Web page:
Nasir Hussain may have made his Tumsa Nahin Dekha story into four separate – and equally successful – films, but did that induce others to be original? On the contrary. Narinder Bedi, at least, probably seemed to think that what worked for Nasir Hussain might well work for him. Therefore, Mere Sanam, which has a storyline similar in many ways to Tumsa Nahin Dekha. (Both films also have fantastic music by OP Nayyar, by the way).
There is, for a start, the parent who has been separated from an infant offspring, and who has ended up bringing up someone else’s child instead. In this case, the parent in question is Mr Mehra (Nasir Hussain; I hasten to point out – to those who may not be in the know – that the actor Nasir Hussain is not the same as the producer/writer/director Nasir Hussain, who wrote and directed Tumsa Nahin Dekha). Mr Mehra had gone off to Africa on business years ago, leaving behind in India his wife and his baby daughter. On his return to India, replete with funds, he discovered that in the wake of the Partition, his wife and daughter had gone missing, presumed dead.
Mr Mehra has therefore brought up the son of a dear friend (now dead). The son (Biswajeet) is named Ramesh Kumar, though everybody – including Mr Mehra – refers to him simply as Kumar. Kumar handles Mr Mehra’s ‘industrial empire’ (that’s how Mr Mehra constantly refers to his many business ventures).
Now Mr Mehra has decided that Kumar must get married, to the daughter – she never puts in an appearance, though, in the film – of a wealthy business associate.
Kumar is, unsurprisingly, not keen on his life being thus charted out for him. But his protests are summarily brushed aside by Mr Mehra, who makes it clear that money is everything and that this marriage will prove very profitable for the Mehra industrial empire. Poor Kumar is left seething, and takes himself off to Kashmir, where he’s supposed to negotiate a deal of some sort. [That’s the last we hear of it in the film. There is also some vague reference to Kumar’s not letting on to anyone who he is – manager of the Mehra industrial empire, and so on – so that he goes incognito. This doesn’t happen, either].
But Kashmir means romance, and Kumar soon finds it. Or tries to, by singing to a group of girls – more specifically, one girl, Neena (Asha Parekh) whom he meets while driving along. Neena makes faces at him, smiles coquettishly behind his back, and doesn’t seem too sure of her emotions towards this roadside Romeo.
When Kumar reaches the Mehra mansion, he discovers that the man in charge, Shyam (Pran) has surreptitiously converted the house into a hotel. The hotel’s operations are being handled by the lunatic father-and-son pair of Baanke and Pyaare (Dhumal and Rajendranath, respectively). Baanke is very keen that Pyaare should get married – and that too to one of the girls currently staying at the hotel.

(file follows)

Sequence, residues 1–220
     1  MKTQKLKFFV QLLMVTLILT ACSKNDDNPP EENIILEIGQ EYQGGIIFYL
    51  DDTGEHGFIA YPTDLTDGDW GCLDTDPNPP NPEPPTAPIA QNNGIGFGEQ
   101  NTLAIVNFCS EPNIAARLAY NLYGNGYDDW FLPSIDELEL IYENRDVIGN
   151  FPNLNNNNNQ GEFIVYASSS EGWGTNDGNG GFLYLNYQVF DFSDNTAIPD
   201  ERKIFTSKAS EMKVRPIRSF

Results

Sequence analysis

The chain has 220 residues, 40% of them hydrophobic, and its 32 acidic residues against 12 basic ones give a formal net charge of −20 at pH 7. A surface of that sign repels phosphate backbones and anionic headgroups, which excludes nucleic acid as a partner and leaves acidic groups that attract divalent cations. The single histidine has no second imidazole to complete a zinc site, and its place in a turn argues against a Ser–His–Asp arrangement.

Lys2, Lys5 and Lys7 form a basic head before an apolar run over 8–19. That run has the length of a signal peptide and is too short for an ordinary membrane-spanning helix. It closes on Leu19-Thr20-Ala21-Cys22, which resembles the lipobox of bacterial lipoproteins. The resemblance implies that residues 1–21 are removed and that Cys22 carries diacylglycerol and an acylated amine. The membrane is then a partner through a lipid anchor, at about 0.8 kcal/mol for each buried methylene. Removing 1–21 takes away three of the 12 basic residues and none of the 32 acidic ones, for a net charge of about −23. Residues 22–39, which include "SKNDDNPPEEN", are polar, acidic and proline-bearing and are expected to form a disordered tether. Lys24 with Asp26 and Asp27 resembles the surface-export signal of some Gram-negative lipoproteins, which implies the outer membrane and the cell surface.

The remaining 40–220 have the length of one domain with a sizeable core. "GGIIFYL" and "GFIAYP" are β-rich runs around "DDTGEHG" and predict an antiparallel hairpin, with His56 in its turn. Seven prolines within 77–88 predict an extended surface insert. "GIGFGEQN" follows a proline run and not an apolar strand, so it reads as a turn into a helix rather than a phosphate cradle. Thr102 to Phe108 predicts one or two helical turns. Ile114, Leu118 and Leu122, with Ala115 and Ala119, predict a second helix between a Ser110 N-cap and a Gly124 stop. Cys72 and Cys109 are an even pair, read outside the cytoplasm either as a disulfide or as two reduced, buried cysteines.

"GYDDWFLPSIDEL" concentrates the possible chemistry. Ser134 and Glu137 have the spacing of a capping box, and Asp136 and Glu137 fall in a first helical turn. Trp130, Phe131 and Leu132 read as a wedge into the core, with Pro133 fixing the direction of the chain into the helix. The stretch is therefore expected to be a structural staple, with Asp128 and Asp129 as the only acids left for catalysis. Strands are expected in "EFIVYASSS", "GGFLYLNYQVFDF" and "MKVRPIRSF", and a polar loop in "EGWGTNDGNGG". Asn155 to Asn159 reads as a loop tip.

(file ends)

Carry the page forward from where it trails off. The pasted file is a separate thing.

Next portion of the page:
When Kumar finds out his house is now a hotel, Shyam does his best to convince him that it’s all for the best – does Kumar realise how much money is simply sunk in the upkeep of the house every year? This way, with the place on rent and drawing an income, at least they’re utilising the premises. Kumar tries to demur, but eventually gives up.
Part of that happens because he discovers who is occupying a major part of the hotel: a large group of girls from Lucknow, under the chaperonage of Savitri Devi (Achla Sachdev), who is the warden of a college hostel. For Kumar, the very fact that Savitri Devi’s daughter – Neena, she of the flashing eyes, back on the road – is enough for him to capitulate. Let them stay. He does try to tell them who he is [what happened to his resolve to remain incognito?]…
[PS. Notice Laxmi Chhaya, on Asha Parekh’s right? She’s one of Neena’s friends, and there’s a tiny comic side plot involving her and Pyaare].
…but, behind Kumar’s back, Shyam tells the girls that this poor young man who’s arrived, claiming to be the owner of this grand hotel, is actually a now-bankrupt youth who had been brought up here. His family was forced to sell the property to Shyam, but the young man – Kumar – has not been able to tolerate the shock of poverty and has gone bonkers, so still imagines he’s lord and master here. Will the ladies please humour him? [There seems no point to this ploy of Shyam’s, since everybody soon seems to forget that Kumar is supposed to be nuts.]
We now get to watch plenty of songs against pretty backdrops of everything from the Dal Lake and the snow-capped peaks of Kashmir, to fields of poppies, as Kumar and Neena get better acquainted. She’s not very encouraging to begin with, but after he’s gotten himself thrashed (and wrecked a nightclub in the bargain!) just to protect Neena from the pawing of a dancer, she changes her mind.
Neena’s mother Savitri Devi has, all this while, been in hospital with a fractured leg. When she finally limps back to the hotel, it is to discover that Neena has been romancing Kumar. The result is that Savitri Devi blows her top and chastises her daughter for acting the strumpet.